Case hardening is the process of forming a hardened layer (or case) around a metal component that acts as a protective barrier. Case hardening is an excellent option for components that are subject to abrasive and high pressure environments, but aren’t subject to corrosive environments. Note that case hardened materials cannot be welded.
There are several types of case hardening options including carburizing, nitriding, cyaniding and flame hardening.
Carburizing involves adding carbon to a component by heating it to 9000 °C and exposing it to a carbon environment.
Nitriding involves heating a material to 5000 °C and exposing it to nitrogen.
Cyaniding incorporates both nitrogren and carbon into the protective casing by dipping the component into a carburizing bath that contains cyanide.
Flame hardening involves heating a material with oxyacetylene and quenching it with water.
Each process has its pros and cons, so consult an industry professional before deciding what’s right for your product.
Most industrial coatings come in liquid form, but powder coatings are a powder-based alternative. Powder coatings provide greater thickness than liquid coatings, and different pigments, curatives, level agents, flow modifiers and other additives can be added to the powder to provide the desired protection and aesthetic appeal. Once the coating is selected, electrostatic spray deposition (ESD) used by coating professionals to apply the coat to the metal substrate. A spray gun is typically used to apply the coating, and then the components enter a curing oven that heats the components, causing a chemical reaction that binds the coating and substrate.
Electropolishing is the exact opposite of electroplating. Rather than depositing metal ions onto the component’s surface, electropolishing removes those metal ions from the substrate. The material is immersed in an electrolyte bath and an electrical current is applied. The material becomes the anode, and ions flow from it, removing defects, rust, etc.
The end result is a surface that’s polished, smoothed and removed of bumps and pocks. Even at a microscopic level, peaks and valleys will be removed. This is an excellent option for materials that need to have a clean and pristine look.
Buff polishing is an alternative to electropolishing that doesn’t involve the electrochemical process. Buff polishing is similar to buffing a car–a machine equipped with a cloth wheel polishes and buffs the surface of your components. The result is a glossy and shiny finish that’s ideal for metallic components that need a high quality look.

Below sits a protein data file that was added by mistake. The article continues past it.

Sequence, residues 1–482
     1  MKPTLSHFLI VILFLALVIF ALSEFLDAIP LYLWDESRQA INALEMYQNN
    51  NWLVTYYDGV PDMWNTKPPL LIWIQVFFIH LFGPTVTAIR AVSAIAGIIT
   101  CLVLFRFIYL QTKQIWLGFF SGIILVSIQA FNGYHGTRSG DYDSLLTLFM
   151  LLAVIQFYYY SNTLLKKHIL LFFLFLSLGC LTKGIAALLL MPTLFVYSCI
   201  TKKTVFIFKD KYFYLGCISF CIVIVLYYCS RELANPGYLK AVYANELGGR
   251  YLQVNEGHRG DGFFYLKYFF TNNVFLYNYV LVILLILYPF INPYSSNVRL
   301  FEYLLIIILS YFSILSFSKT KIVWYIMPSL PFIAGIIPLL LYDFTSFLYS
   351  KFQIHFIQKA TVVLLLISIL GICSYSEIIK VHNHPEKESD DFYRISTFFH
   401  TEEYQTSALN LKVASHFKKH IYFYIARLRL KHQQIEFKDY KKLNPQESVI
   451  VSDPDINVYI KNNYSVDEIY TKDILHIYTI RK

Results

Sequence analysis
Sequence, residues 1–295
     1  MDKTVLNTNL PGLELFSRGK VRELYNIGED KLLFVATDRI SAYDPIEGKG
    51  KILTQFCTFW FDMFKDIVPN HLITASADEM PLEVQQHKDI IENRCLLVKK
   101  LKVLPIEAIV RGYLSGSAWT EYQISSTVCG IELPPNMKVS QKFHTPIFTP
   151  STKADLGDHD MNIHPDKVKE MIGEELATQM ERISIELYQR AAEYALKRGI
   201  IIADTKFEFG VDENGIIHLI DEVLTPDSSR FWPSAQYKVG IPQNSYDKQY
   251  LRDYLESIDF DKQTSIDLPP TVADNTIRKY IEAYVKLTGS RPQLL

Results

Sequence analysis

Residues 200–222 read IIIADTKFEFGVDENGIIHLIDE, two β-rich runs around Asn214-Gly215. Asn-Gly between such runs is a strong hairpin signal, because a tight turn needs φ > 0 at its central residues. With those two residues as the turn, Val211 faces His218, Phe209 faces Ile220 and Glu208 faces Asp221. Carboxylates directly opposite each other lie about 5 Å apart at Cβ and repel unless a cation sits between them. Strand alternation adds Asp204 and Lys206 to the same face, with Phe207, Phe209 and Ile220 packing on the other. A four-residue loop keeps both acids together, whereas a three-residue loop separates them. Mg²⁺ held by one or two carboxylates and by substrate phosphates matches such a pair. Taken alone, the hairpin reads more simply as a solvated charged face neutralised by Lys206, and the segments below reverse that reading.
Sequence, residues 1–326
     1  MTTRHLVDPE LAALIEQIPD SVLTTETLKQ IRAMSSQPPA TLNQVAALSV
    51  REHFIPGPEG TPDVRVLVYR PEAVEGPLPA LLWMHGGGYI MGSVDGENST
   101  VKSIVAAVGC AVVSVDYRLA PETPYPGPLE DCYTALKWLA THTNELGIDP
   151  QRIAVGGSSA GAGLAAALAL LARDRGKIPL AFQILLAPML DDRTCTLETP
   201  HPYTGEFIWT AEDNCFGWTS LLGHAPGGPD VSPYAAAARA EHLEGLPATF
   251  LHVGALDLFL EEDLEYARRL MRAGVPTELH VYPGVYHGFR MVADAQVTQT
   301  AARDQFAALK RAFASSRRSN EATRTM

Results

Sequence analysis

Brushed metal is similar to buff polishing in that you’re effectively removing metal ions from your components. With brush polishing, the metal is brushed in unidirectional manner that creates a specific aesthetic. You might have seen this look on different stainless steel appliances like toasters or on the hood of your car. Brushed metal is popular in small appliance and automotive industries, and it’s commonly used on stainless steel, aluminum and nickel. When you want your product to have distinct, parallel lines, brushed polish is a good option.
Again, metal grinding is a metal finish that reduces a component by grinding away metal ions. Metal grinding involves a machine that uses abrasion and friction to smooth out a metal surface. Handheld power tools, grindstones, grinding machines, bench grinders and wheel grinders are all options for various applications. Metal grinding is best suited for hard materials (e.g. hardened steel) that required shallow cuts.
Abrasive blasting is a cost effective solution that applies to both facility exteriors and metal components. It combines surfacing cleaning and finishing into one process. With abrasive blasting, a high-pressure stream of abrasive media (material) is blasted against a surface to remove debris, alter shape and texture and provide a smooth finish. Abrasive blasting can also act as surface preparation for coatings and plating to increase durability.
A typical blasting system is made of an air compressor that adjusts pressure and volume, moisture separator to reduce humidity, water-assisted system for dust suppression, air supply line, blast machine to store media, remote controls and a hose and nozzle.
Abrasive blasting is a serious cost- and time-saving option for manufacturers and facility owners alike. Abrasive blasting can be performed with a variety of media including sand, aluminum, plastic, glass, corn cob, steel grit, walnut shell, silicon carbide and steel shot.